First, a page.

By Chaz Lipp

What a year 1962 was for director Blake Edwards. Days of Wine and Roses is the better known of the two films he directed that year, but Experiment in Terror deserves recognition too. Working with the same leading lady (Lee Remick), cinematographer (Philip H. Lathrop) and composer (Henry Mancini), Edwards crafted a stark, tense thriller about 180 degrees from the director’s perennial favorite The Pink Panther (which was released only one year later).

Edwards hooks us immediately, with no set up to speak of, as Kelly Sherwood (Remick) arrives home after dark only to be assaulted and held at gunpoint in her own garage. The culprit explains exactly what he expects of her. Kelly is a bank teller and she is to steal $100,000 for him (he claims he’ll cut her in on 20% of the take, yeah right). He also knows everything about Kelly’s life, including that her teen sister Tody (Stefanie Powers) lives with her. He’ll go after Toby if Kelly refuses to comply.

Though scared witless, Kelly is resourceful enough to contact the FBI and establish a strong connection with Agent John Ripley (Glenn Ford). Ripley works on the case, eventually uncovering the identity of the criminal as well as some of his associates. A cat-and-mouse suspense thriller unfolds; taut and fast-paced (the film feels considerably shorter than its 123 minute running time). Remick is perfect as the heroine who refuses to lie down before the man threatening her. Ford is subtle but reliable as the stoic FBI agent determined to crack the case. And as the villain, Ross Martin is miles away from his most famous role as Artemus Gordon on The Wild Wild West.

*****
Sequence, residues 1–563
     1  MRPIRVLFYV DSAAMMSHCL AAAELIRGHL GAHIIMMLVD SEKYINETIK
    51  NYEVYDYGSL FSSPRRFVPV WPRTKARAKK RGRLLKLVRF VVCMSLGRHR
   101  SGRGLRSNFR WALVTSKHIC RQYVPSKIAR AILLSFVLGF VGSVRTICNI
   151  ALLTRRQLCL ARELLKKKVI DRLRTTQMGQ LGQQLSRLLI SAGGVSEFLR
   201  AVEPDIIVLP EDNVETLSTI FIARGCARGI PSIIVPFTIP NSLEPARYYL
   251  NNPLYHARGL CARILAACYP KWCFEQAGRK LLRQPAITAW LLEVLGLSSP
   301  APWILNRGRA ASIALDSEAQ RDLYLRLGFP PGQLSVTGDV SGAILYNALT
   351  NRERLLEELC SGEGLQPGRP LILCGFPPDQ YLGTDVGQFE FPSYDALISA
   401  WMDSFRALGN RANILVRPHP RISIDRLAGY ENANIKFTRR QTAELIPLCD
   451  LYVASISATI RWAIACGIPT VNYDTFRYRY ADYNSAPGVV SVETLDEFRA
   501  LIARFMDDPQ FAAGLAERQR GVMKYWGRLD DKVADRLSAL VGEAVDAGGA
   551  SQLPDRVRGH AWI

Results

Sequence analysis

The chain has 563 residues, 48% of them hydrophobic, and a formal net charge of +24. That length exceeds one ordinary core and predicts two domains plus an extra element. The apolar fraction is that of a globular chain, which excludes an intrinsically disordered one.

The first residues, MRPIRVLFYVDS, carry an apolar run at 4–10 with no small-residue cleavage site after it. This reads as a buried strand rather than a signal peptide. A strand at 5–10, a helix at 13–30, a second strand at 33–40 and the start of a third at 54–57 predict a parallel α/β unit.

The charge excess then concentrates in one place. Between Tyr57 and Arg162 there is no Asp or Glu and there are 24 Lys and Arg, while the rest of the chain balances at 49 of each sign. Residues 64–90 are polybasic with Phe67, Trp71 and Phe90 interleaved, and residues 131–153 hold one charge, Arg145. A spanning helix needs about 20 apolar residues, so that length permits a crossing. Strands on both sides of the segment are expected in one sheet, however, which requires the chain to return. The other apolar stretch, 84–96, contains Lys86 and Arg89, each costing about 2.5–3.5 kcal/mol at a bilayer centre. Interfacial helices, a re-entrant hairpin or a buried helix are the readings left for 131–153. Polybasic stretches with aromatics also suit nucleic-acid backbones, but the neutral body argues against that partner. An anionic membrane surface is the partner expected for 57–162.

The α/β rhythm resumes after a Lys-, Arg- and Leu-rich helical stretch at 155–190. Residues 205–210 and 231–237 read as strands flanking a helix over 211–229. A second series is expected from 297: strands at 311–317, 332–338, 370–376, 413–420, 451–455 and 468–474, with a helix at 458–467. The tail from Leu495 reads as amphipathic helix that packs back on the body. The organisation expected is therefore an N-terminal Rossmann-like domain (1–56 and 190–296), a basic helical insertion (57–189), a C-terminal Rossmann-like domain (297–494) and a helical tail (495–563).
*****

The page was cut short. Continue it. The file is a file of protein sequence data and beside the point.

Twilight Time, as with all their releases, has made Experiment in Terror available as a limited-to-3,000 copies Blu-ray edition. Their audio/visual presentation is outstanding, with Lathrop’s black-and-white cinematography displayed with exacting contrast levels that show off every shade of gray perfectly. Sharpness and detail is strong, especially on close-ups and medium shots (some of the wide shots, particularly outdoors, are just a tad on the soft side but likely inherent in the cinematography). A surprisingly great 5.1 DTS-HD MA surround mix is included, expanding the original mono tastefully. Mancini’s score sounds crystal clear. Certain sound effects are effectively pushed up in the mix maximize the tension.
The sole special feature is a DTS-HD MA 2.0 mix isolating Mancini’s evocative score. As usual, Julie Kirgo’s liner notes – found within the included booklet – are a worthwhile way to find out more about the movie. Experiment in Terror is an obscurity that deserves to be rediscovered. The Blu-ray can be purchased, while supplies last, through Twilight Time’s distributor, Screen Archives.
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Chaz Lipp

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